- The patient absconded from the Linden Centre in Chelmsford, Essex last week
- An investigation has been launched into the man’s death on October 23
- He was struck by a train on the line between Witham and Shenfield at 10pm
- Essex Police confirmed they are not treating the man’s death as suspicious
A patient has died after being hit by a train after absconding from a mental health facility.
Police were called to the Linden Centre in Chelmsford, Essex, after the patient fled on October 23.
The man was struck by a train on the line between Witham and Shenfield just after 10pm the same day.
A mentally ill man absconded from the Linden Centre in Chelmsford, Essex on October 23
The patient left the Linden centre and died on the nearby rail line several hours later at 10pm
The incident comes days after Health Minister Edward Argar announced that the Linden Centre is to be subject to an independent review.
A spokesman for Essex Partnership University NHS Foundation Trust, which runs the centre, said: ‘Police were called to the Linden Centre in Chelmsford on the evening of October 23 after a patient absconded from the unit, and we have been informed that they have sadly died.
‘Our thoughts and condolences are with their family and loved ones at this incredibly difficult time.
‘We immediately launched an investigation and are supporting police colleagues with their enquiries.’
An Essex Police spokesman said: ‘We were called to reports a man had gone missing from the Woodlands Way area of Chelmsford shortly after 8pm on Friday October 23.
‘We carried out a missing person investigation but suspended our search after a man’s body was later found on tracks at Chelmsford Railway Station later the same night.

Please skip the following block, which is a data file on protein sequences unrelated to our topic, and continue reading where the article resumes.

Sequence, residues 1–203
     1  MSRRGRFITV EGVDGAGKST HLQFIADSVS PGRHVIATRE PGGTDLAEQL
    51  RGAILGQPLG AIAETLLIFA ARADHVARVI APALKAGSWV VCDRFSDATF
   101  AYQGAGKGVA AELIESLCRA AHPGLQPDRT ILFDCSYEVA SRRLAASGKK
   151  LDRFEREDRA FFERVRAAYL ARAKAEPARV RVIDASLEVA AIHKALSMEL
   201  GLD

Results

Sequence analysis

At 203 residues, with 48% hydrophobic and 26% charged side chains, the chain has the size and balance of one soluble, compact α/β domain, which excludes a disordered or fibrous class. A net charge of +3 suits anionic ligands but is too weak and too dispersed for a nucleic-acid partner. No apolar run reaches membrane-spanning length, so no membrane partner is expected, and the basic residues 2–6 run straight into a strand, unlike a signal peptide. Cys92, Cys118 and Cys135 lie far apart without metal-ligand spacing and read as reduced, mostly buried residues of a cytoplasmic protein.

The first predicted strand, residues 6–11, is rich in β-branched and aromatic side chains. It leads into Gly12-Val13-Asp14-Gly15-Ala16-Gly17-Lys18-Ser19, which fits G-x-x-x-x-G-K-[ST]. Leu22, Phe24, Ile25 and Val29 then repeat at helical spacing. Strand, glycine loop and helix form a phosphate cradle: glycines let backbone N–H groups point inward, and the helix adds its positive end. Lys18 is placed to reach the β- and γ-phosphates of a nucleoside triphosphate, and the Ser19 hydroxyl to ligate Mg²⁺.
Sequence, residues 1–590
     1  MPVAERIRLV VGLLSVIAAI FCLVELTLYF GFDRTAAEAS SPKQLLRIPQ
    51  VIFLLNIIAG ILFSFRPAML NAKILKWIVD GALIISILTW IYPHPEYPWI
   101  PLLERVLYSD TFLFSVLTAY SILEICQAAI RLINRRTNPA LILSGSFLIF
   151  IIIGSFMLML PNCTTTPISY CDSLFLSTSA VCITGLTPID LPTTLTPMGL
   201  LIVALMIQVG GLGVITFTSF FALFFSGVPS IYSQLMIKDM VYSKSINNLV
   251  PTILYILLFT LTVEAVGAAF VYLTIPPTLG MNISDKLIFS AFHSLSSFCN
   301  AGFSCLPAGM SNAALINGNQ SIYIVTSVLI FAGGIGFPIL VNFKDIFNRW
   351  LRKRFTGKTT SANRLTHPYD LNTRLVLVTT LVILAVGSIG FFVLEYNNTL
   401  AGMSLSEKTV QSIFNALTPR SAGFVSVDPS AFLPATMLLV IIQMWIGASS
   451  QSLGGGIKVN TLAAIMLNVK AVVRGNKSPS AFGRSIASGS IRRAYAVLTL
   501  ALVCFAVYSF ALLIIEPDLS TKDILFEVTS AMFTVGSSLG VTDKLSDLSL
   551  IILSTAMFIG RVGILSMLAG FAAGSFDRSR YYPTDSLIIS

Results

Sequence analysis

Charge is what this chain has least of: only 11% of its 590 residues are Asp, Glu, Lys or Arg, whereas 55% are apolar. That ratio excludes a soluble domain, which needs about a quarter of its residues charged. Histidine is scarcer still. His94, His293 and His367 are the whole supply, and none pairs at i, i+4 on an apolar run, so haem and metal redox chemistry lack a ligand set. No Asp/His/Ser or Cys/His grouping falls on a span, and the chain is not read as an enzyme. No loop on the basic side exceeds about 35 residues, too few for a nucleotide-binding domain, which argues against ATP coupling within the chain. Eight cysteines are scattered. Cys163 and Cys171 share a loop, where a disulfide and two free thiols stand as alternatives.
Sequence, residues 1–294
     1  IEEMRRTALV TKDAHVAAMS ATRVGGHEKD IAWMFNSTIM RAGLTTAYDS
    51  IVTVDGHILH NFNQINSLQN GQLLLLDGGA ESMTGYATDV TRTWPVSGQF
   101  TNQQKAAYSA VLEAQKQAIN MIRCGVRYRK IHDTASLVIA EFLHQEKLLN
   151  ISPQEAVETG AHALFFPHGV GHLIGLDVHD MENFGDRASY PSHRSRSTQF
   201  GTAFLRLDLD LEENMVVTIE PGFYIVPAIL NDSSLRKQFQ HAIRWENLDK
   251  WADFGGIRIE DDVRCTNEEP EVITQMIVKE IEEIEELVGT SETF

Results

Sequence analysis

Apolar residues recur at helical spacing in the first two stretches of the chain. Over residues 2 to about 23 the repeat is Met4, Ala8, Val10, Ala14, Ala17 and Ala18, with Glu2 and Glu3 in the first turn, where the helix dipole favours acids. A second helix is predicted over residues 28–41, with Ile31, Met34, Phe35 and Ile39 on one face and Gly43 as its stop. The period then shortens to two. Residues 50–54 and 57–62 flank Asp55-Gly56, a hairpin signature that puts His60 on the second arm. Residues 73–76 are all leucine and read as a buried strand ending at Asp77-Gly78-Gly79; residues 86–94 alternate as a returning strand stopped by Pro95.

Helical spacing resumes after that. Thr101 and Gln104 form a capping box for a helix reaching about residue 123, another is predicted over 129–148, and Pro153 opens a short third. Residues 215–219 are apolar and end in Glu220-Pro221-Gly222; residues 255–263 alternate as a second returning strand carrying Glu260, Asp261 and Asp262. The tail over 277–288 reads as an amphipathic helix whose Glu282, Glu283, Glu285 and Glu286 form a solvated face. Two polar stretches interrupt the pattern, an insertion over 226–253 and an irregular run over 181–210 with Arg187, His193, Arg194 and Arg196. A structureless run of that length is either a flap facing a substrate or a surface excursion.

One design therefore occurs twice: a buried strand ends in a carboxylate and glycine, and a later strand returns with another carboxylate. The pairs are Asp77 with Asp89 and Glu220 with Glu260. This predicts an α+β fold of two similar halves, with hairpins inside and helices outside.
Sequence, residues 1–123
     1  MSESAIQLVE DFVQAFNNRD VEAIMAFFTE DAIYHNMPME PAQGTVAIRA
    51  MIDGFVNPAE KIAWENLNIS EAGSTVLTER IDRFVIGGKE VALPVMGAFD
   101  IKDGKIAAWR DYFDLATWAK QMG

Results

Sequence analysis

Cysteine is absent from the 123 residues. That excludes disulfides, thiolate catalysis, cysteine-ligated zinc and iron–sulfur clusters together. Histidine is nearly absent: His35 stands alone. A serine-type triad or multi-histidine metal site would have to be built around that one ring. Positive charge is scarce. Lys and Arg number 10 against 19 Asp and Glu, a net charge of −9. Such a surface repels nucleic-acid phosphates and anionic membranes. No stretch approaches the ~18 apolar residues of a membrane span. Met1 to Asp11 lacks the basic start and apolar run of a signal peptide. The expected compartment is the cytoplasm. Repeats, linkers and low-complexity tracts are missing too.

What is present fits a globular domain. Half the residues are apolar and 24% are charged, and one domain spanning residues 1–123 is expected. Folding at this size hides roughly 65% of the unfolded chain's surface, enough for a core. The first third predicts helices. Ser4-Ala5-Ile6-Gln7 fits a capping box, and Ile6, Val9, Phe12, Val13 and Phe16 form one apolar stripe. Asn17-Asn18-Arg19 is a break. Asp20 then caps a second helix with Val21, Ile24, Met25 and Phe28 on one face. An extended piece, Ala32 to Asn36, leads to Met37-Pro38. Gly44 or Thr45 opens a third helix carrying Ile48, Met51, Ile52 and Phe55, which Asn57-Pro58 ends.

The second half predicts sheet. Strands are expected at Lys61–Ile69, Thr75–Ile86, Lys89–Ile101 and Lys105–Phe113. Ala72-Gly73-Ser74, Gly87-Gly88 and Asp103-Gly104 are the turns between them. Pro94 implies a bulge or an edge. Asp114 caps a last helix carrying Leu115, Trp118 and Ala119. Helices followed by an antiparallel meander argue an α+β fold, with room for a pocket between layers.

‘His death is not being treated as suspicious.’
Speaking in the Commons earlier this month, Mr Argar said the Government intends to commission an investigation into ‘serious questions’ raised by a ‘series of tragic deaths’ at the Linden Centre.
Families of patients who have died have been petitioning for a public inquiry.
Mr Argar added it is hoped ‘lessons learnt’ can benefit care across the NHS ‘as quickly as possible’, with the Department of Health also working with the Health and Safety Executive (HSE) to ensure the review does not prejudice ongoing legal action.
The HSE last month announced action was being taken against Essex Partnership University NHS Foundation Trust following an investigation into North Essex Partnership University NHS Foundation Trust (NEPUFT).
It investigated how NEPUFT managed risks from ‘fixed potential ligature points in its inpatient wards’ between October 2004 and March 2015, with the first hearing due to take place on November 12 at Chelmsford Magistrates’ Court.
More than 105,000 signatures were collected in support of a petition for a public inquiry into the death of 20-year-old Matthew Leahy, who was found hanged at the Linden Centre in November 2012.
In 2018, Essex Police dropped an investigation into up to 25 deaths of patients who were in the care of NEPUFT, at nine separate establishments, since 2000.
Investigators found ‘clear and basic failings’ in care but insufficient evidence for corporate manslaughter charges.
The investigation began after allegations about Mr Leahy’s death.